A few short decades ago we were a long way away from this goal in the Western Cape too, and look how that turned out.

That is why our task here over the next twelve months is so important.  We have to go out there in every single community and convince them, voter by voter, to turn their backs on the racial nationalism and patronage politics of the ANC.

We have to convince them that the only way to lift people out of poverty is through meaningful and inclusive economic growth, and that this can only be done with growth-friendly policies.

We have to convince them that only a party with absolutely zero tolerance for corruption can ever put the people first, and that the only measure of this is real action, not empty words.

And we have to convince them that the only South Africa worth fighting for is a non-racial South Africa, where people are truly seen as individuals with unique hopes and dreams, as opposed to mere representatives of their race or gender.

That is our task, and we dare not waver over the next 12 months. There is far too much riding on it.

We may still be an election cycle or two away from replacing governments here in Mpumalanga with DA-led governments, but the only way we’ll get there is by doing the hard yards now. By slowly painting wards, and then municipalities and then the whole province blue.

And when that happens, this province will finally realise its massive potential.

Imagine a Mpumalanga where everything works – where the roads are no longer filled with potholes and communities have uninterrupted water and electricity.

Imagine the possibilities that will open up in tourism, agriculture, mining and energy under a government that doesn’t steal and that truly welcomes investment.

Imagine how different life would be here when that unemployment number is halved and people no longer have to leave to ensure a decent life for their families.

That is the Mpumalanga you must keep in your mind over the next twelve months. That is the vision you must share with voters.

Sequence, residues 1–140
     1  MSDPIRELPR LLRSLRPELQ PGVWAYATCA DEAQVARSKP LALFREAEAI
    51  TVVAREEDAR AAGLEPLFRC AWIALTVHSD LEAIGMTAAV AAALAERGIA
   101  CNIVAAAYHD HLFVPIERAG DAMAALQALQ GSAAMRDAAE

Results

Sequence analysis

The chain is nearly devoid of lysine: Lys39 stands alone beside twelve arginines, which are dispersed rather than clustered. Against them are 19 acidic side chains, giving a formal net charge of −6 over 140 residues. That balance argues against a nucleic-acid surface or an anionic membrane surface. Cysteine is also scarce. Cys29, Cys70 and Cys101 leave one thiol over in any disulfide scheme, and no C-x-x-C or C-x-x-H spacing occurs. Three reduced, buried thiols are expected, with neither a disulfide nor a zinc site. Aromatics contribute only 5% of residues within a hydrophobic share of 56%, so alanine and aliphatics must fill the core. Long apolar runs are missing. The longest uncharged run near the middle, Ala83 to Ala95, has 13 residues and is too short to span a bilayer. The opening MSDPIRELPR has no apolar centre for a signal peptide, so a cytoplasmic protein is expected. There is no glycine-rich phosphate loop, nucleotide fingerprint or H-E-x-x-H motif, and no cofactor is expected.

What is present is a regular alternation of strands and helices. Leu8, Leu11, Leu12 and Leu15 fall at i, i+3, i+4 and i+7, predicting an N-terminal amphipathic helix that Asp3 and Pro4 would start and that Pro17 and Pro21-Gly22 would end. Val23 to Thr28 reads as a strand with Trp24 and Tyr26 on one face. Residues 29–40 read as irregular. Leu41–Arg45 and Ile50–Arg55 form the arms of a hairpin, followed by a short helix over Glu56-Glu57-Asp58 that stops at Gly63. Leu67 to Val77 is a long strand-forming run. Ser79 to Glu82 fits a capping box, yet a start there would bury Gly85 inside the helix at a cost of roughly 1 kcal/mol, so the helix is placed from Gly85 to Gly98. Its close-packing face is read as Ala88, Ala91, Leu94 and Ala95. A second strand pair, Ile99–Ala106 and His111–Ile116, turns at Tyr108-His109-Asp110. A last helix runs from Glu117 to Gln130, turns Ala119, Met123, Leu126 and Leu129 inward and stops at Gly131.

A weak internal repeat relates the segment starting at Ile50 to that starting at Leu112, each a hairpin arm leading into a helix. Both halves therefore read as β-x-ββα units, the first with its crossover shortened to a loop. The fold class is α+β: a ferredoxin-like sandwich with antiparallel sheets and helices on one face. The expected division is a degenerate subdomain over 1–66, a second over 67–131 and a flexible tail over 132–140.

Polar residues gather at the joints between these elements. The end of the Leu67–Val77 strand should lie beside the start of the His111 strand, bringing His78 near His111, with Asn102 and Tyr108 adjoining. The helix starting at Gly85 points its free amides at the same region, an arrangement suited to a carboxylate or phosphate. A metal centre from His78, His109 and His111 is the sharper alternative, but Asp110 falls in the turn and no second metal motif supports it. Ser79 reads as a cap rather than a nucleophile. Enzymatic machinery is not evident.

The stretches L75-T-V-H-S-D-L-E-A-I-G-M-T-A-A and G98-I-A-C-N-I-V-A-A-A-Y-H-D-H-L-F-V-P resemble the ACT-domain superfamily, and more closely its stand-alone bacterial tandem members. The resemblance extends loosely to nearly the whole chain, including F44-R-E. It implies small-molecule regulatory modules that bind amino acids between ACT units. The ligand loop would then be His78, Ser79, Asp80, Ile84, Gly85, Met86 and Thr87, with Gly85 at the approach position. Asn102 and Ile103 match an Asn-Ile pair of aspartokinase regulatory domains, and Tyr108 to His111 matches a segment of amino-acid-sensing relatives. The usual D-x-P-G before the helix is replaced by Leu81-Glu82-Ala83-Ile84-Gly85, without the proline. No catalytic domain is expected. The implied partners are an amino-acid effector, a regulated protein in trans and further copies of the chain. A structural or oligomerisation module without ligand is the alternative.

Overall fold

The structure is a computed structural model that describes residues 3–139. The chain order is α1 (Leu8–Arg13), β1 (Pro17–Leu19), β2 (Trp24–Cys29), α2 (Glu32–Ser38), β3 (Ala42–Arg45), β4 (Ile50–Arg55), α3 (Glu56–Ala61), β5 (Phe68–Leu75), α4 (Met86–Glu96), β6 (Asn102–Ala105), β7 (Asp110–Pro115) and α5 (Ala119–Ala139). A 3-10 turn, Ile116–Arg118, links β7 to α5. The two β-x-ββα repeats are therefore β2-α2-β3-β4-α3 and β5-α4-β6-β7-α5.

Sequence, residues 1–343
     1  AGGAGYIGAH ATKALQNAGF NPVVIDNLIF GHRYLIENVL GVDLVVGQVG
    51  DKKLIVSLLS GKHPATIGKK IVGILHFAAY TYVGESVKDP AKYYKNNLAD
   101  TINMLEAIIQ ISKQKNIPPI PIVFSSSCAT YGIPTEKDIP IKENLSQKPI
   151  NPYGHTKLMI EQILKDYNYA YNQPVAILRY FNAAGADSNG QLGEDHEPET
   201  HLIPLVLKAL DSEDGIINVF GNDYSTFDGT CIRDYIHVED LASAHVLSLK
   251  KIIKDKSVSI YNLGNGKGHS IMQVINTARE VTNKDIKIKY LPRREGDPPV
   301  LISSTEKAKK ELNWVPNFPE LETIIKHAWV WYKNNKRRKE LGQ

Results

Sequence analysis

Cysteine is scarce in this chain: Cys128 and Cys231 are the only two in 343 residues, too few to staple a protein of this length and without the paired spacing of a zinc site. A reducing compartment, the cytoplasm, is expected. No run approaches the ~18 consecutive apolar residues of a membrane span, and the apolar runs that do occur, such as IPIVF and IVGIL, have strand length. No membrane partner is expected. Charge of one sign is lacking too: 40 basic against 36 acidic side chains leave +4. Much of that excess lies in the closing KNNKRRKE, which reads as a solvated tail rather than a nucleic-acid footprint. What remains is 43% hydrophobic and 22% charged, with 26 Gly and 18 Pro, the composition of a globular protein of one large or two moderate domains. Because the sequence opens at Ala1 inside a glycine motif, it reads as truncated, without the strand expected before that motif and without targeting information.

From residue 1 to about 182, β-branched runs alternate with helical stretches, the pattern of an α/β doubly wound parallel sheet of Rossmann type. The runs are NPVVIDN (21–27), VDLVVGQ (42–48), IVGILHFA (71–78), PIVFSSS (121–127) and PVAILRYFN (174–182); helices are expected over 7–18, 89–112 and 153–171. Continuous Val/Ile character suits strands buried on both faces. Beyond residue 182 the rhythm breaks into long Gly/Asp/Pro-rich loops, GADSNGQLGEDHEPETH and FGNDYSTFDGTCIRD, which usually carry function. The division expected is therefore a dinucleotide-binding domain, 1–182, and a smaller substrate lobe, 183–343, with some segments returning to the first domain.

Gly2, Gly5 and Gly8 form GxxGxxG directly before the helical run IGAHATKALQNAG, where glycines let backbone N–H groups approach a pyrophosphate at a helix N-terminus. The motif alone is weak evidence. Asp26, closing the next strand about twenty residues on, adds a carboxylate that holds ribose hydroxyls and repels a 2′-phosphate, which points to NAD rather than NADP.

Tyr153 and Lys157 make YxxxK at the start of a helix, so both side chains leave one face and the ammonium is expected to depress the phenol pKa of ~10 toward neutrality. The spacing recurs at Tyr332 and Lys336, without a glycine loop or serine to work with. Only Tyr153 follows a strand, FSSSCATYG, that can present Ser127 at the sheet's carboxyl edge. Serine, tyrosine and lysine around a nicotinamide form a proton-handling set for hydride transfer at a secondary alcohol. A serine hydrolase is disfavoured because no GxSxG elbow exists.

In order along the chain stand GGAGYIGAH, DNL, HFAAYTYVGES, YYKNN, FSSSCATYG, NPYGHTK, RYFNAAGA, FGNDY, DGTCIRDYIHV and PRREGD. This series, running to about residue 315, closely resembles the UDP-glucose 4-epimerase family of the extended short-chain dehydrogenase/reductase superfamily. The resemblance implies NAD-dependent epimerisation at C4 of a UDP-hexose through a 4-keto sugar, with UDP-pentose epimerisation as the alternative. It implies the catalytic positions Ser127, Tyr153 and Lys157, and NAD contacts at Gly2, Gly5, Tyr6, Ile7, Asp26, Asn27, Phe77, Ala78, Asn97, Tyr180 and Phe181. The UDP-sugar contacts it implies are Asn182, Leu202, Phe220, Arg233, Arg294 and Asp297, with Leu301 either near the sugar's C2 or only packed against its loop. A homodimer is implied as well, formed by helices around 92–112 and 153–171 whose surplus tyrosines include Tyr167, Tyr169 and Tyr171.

So let us conduct our business here this weekend with the respect and the decorum that only the DA can achieve.

Let us contest and debate passionately, but then abide by the outcome of our democratic processes.

And let us then go out there, armed with the four things that set us apart from every other party in South Africa: our principles, our policies, our track record and, above all, our committed people.

Let us use these four arrows in our quiver to present the DA Difference as the only viable option for the future of South Africa.

I wish you all the best for your congress.

Thank you.

Uncaring, incompetent government, not residents, to blame for NMB’s water crisis

Please find attached video from John Steenhuisen MP. Also see attached pictures here, here and here.

Today I am in Nelson Mandela Bay to highlight the area’s growing water crisis, the result of uncaring, incompetent government. The metro has a water management issue, not a water shortage issue. Taps have run dry in many areas, due to delays and failures to maintain and upgrade water infrastructure, and due to a failure to manage demand adequately.

For example, we have today inspected a leak near Despatch on the main water line between Port Elizabeth and Uitenhage, which has been an issue for the past eight months. This leak has been reported on numerous occasions, yet the municipality seems incapable of fixing it. It is safe to say that several megalitres of clean water have gone to waste here during this time.

Water interruptions are now a daily occurrence in the Northern and Western areas of NMB, where taps began running dry a month ago. The ANC-led coalition of corruption appears to have no idea how to address the water challenge. Instead, they are attempting to shift blame to residents themselves, to avoid accountability for their outright failures.

While NMB’s water consumption is high at 290 megalitres per day, the Metro loses 46% of its treated water to leaks and theft before it reaches residents. This is unacceptably high. DA-run Cape Town’s water loss rate hovers around 15-20%, in line with global norms. NMB’s excessive loss rate equates to over 100 megalitres of water being lost every single day. If even just half the leaks were fixed, the Metro would be well below the 250 megalitre target.

Coming on the back of ANC-generated recession, lockdown, and load-shedding, the current water-shedding is catastrophic for households and businesses alike. Many livelihoods may be lost as a result. Yet, NMB Metro has no water crisis plan to alleviate the dire situation in which residents find themselves. And while the water crisis is growing, the Metro has also spent only R35 million of the R230 million received from national government for drought mitigation.

Ideally, the Metro needs a rapid response team of plumbers to target leaks, and emergency procurement measures to tackle critical aspects such as the supply of water treatment chemicals. Rather than blaming residents, the council should be investing in critical maintenance and infrastructure to address these major water losses.